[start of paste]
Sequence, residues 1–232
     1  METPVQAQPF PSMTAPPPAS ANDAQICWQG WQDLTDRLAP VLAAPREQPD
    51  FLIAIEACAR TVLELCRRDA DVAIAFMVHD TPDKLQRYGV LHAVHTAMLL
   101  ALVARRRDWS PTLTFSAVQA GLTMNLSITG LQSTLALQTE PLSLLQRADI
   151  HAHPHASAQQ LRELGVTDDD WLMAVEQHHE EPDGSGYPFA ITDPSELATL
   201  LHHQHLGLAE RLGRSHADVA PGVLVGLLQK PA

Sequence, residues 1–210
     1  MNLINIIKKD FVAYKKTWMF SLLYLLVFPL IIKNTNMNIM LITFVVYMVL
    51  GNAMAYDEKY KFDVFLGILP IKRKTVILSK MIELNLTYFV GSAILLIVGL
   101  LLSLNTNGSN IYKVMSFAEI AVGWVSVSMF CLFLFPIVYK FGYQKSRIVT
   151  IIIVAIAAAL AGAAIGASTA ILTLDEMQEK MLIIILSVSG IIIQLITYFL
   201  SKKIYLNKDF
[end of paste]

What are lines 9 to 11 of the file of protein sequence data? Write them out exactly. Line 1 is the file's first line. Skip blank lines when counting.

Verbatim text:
    51  GNAMAYDEKY KFDVFLGILP IKRKTVILSK MIELNLTYFV GSAILLIVGL
   101  LLSLNTNGSN IYKVMSFAEI AVGWVSVSMF CLFLFPIVYK FGYQKSRIVT
   151  IIIVAIAAAL AGAAIGASTA ILTLDEMQEK MLIIILSVSG IIIQLITYFL